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Hear It Is

3.3 out of 5 stars 4 customer reviews

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Product Details

  • Audio CD (Jan. 14 2008)
  • Number of Discs: 1
  • Label: Ada Mod Afw
  • ASIN: B000003BFM
  • Other Editions: Audio CD  |  Audio Cassette  |  LP Record
  • Average Customer Review: 3.3 out of 5 stars 4 customer reviews
  • Amazon Bestsellers Rank: #144,341 in Music (See Top 100 in Music)
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1. With You
2. Unplugged
3. Trains, Brains & Rain
4. Jesus Shootin' Heroin
5. Just Like Before
6. She Is Death
7. Chalie Manson Blues
8. Man From Pakistan
9. Godzilla Flickn
10. Staring At Sound/With You (Reprise)
11. Summertime Blues

Product Description

Deluxe re-issue on clear vinyl of the first full-length album by one of the most well loved and influential bands of the past 25 years. Following in the grand tradition of other great Southwestern psych bands such as 13th Floor Elevators and The Red Krayola, The Flaming Lips first act mixed punk, country & western, psychedelia, goth, and pure bar-band rock and roll into their own curious creation on classics such 'Jesus Shootin Heroin,' 'Trains, Brains, & Rain,' and 'Charlie Manson Blues. Sharing the weird, slanted pop sensibility of contemporaries like Meat Puppets and Butthole Surfers, this early masterpiece continues to influence bands to this day. Plain Recordings. 2005.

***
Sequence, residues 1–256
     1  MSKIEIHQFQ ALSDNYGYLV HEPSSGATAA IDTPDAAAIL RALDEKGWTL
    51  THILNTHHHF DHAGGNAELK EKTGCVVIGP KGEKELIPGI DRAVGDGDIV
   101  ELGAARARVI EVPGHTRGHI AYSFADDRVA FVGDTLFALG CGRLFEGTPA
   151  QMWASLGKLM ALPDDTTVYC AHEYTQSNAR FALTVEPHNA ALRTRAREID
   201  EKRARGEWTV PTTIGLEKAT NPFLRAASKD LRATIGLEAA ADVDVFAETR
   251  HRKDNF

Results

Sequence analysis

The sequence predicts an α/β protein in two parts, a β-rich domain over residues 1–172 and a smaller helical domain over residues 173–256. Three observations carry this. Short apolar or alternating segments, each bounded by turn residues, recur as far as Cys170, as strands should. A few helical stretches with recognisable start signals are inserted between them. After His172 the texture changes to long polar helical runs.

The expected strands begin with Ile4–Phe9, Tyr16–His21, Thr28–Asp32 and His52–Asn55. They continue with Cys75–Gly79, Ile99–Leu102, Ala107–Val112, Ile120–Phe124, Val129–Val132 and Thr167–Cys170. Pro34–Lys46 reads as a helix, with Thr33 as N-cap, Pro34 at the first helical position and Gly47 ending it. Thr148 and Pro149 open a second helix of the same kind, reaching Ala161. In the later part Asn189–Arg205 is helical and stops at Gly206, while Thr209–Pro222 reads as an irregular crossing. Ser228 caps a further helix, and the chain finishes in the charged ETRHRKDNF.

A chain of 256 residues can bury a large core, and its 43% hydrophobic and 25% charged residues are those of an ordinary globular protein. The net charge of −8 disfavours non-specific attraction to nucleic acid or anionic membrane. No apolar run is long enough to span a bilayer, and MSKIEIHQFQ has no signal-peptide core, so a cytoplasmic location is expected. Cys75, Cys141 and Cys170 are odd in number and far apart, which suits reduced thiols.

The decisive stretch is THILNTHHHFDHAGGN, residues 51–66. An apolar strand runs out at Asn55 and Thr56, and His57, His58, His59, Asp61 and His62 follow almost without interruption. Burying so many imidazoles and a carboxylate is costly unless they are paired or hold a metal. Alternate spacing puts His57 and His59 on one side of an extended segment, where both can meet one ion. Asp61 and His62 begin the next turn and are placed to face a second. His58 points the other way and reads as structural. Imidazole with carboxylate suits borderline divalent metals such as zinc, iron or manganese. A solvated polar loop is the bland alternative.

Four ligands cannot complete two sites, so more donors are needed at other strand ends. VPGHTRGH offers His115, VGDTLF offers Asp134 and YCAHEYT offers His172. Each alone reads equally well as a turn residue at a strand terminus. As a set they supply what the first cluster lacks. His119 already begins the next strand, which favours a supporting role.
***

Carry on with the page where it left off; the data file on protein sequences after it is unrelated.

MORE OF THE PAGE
Customer Reviews

3.3 out of 5 stars
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Top Customer Reviews

Format: Audio CD
Timing is everything, and the Flaming Lips debut album is a perfect validation of that statement. The Lips self-released eponymous EP paved the way for their signing to indie label Restless in the mid-'80's, a time when bands like the Replacements and Sonic Youth were just making their dent in what was to become "alternative" rock. Back then, it was just "college rock," and the Lips couldn't have stumbled into a better category. Their indefinable sound was a melange of psychedelia and self-effacing acid rock, often gaining them the unfair categorization as such. This is one heck of a sloppy record, but sincerity oozes from every track. Their cartoonish weirdness, evident on tracks such as "Trains, Brains & Rain" and "Staring At Sound" is offset by the underlying lyrical seriousness of "She Is Death" and "Godzilla Flick," hinting at a darker underside to this over-the-top band. Beneath their wall of noise and screwball guitar antics, the Lips had something to say; they don't quite get it out on this record (they really don't until much later on "In A Priest Driven Ambulance"), but these are the first steps in the right direction. Well worth a listen.